BEIRUT (Reuters) - Six hundred people left the besieged ruins of rebel-held central Homs on Sunday, escaping more than a year of hunger and deprivation caused by one of the most protracted blockades of Syria’s devastating conflict.
The evacuees, mainly women, children and old men, were brought out by the United Nations and Syrian Red Crescent on the third day of an operation during which the aid convoys came under fire and were briefly trapped themselves in the city.
Video footage from inside Homs showed scores of residents, carrying a few bags of possessions, rushing across an open expanse of no-man’s land towards 10 white vehicles with U.N. markings. Gunshots could be heard as they raced to the cars.
“The last vehicle has arrived and the total is 611 people,” Homs governor Talal Barazi told regional Arab broadcaster Al Mayadeen at a meeting point for evacuees outside the city.
The Red Crescent confirmed that around 600 people were evacuated and said 60 food parcels and more than a ton of flour were delivered to the Old City.
Barazi and Red Crescent officials said they were working to extend the operation beyond Sunday, the final day of a fragile and frequently violated three-day ceasefire in the city.
Some of those who came out were men of fighting age who were not originally eligible to leave, Barazi said, but they had agreed to hand themselves over to police and judicial authorities and could win their freedom through amnesty.
Authorities suspect all men of fighting age to be part of rebel forces fighting to overthrow President Bashar al-Assad.
Assad’s authorities and rebel fighters have traded accusations of responsibility for attacks on Saturday which stranded the joint United Nations and Red Crescent team in central Old Homs for several hours after dark on Saturday.
The convoy was targeted as the relief workers were handing over food and medical supplies in the district where the United Nations says 2,500 people had been stranded by an ever-tightening military siege since the mid-2012.
The Red Crescent said one driver was lightly wounded but the rest of the team eventually left safely.
Video footage released by activists showed the team, led by U.N. humanitarian coordinator in Syria Yacoub el Hillo, taking refuge on Saturday in a basement while explosions rocked the rubble-strewn, devastated streets above them.
In another video filmed inside Homs on Saturday, Hillo said the aid supplies, including food parcels, medicines and hygiene kits, were just a drop in the ocean when set against the conditions endured by people trapped for months on end.
“When I look around me and see the level of need, and suffering of all - especially the children, the women and the elderly - let me say that even though it’s a significant amount of medical and nutritional aid, it’s still just a drop,” he said. “But let’s start with this drop.”
On Friday, the first of the planned three-day humanitarian operation in Homs, 83 women, children and elderly men were evacuated, significantly fewer than the 200 which the city governor had predicted.
Many showed signs of malnutrition, the United Nations said.
Syria’s conflict has killed 130,000 people, driven millions from their homes and devastated whole city districts - particularly in Homs, a centre of protest when the 2011 uprising against 40 years of Assad family rule first erupted.
The evacuation of civilians and delivery of aid was the first concrete, though modest, result of talks launched two weeks ago in Switzerland to try to end the civil war.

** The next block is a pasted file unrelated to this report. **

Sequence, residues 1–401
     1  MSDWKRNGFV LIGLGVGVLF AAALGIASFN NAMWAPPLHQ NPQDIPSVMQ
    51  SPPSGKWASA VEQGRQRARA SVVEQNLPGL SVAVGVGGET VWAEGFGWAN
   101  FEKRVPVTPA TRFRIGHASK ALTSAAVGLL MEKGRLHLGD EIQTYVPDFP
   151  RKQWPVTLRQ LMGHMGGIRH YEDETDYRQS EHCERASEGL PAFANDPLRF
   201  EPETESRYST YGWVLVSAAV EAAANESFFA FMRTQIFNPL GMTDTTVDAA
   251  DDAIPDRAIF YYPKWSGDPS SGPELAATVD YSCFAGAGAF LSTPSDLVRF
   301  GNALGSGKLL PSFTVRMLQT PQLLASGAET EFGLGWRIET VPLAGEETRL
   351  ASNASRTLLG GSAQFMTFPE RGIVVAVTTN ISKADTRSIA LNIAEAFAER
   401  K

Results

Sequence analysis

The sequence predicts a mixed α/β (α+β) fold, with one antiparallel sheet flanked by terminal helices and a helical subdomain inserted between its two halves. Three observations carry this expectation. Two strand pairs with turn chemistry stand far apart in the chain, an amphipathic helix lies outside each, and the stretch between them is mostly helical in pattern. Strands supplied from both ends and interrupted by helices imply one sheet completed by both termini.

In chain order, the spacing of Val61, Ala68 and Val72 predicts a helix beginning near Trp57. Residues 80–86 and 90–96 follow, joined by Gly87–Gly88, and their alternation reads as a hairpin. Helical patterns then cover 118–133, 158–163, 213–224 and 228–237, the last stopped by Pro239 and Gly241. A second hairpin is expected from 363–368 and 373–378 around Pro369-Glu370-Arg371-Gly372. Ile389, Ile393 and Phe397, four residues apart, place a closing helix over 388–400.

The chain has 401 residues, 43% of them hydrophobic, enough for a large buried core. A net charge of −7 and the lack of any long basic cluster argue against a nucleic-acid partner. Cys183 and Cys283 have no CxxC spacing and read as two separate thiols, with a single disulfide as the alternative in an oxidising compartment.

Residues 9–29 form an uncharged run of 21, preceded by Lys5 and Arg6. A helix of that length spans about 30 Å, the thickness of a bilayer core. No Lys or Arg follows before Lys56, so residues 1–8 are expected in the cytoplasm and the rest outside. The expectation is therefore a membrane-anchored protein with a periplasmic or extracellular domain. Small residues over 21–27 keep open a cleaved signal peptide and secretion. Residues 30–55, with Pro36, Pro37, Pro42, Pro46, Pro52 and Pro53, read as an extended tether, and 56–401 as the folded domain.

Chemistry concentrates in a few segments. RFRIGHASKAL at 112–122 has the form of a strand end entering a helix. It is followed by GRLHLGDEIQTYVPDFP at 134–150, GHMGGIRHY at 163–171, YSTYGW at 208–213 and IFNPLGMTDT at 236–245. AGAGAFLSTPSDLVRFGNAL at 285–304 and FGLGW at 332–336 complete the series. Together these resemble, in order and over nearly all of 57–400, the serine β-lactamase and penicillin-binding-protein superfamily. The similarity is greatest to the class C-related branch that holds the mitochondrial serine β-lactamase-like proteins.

At the Geneva peace talks, which resume on Monday, international mediator Lakhdar Brahimi has been pushing for agreement on aid deliveries and prisoner releases, hoping progress on those issues could build momentum to address the far more contentious question of political transition.
Assad’s government has rejected out of hand any surrender of power in Geneva, and on the ground his forces have made gains while rival rebel forces battle each other in the north and east of the country.
If anything the scale of violence - including internecine rebel fighting, clashes with Assad’s forces and government bombardment - has escalated since the delegates held their first face-to-face meeting just over a fortnight ago.
The Syrian Observatory for Human Rights, an anti-Assad monitoring group, said that 304 people were killed across the country on Saturday, including more than 100 civilians.
And in a sign of deep skepticism towards peace talks shared by the opposing parties inside Syria, neither the authorities nor the activists in Homs credited the Geneva talks for the weekend evacuations and aid deliveries.
Homs governor Barazi said the operation had been planned months ago but had been hit by delays, while several Homs activists - angered by a second day of bombardment which killed five people - bitterly criticized the Geneva negotiations.
“Today we have five martyrs and yesterday we had five,” one activist said, pointing to a row of corpses being prepared for wrapping in burial shrouds. “Every day the world sees this regime’s crimes and it remains silent.”
On Sunday, activists reported at least 11 people were killed in the northern city of Aleppo when helicopters dropped barrel bombs on rebel-held neighborhoods.
Video footage purporting to show the aftermath of one such attack in the Haidariya district showed at least nine corpses, including one child, scattered across a wide highway, flooded by a broken water pipe.
Cars were still on fire and black smoke rose from the flames. Wounded men were carried into ambulances and one man could be seen carrying a severed leg from the scene, as women screamed in grief.
Editing by Andrew Heavens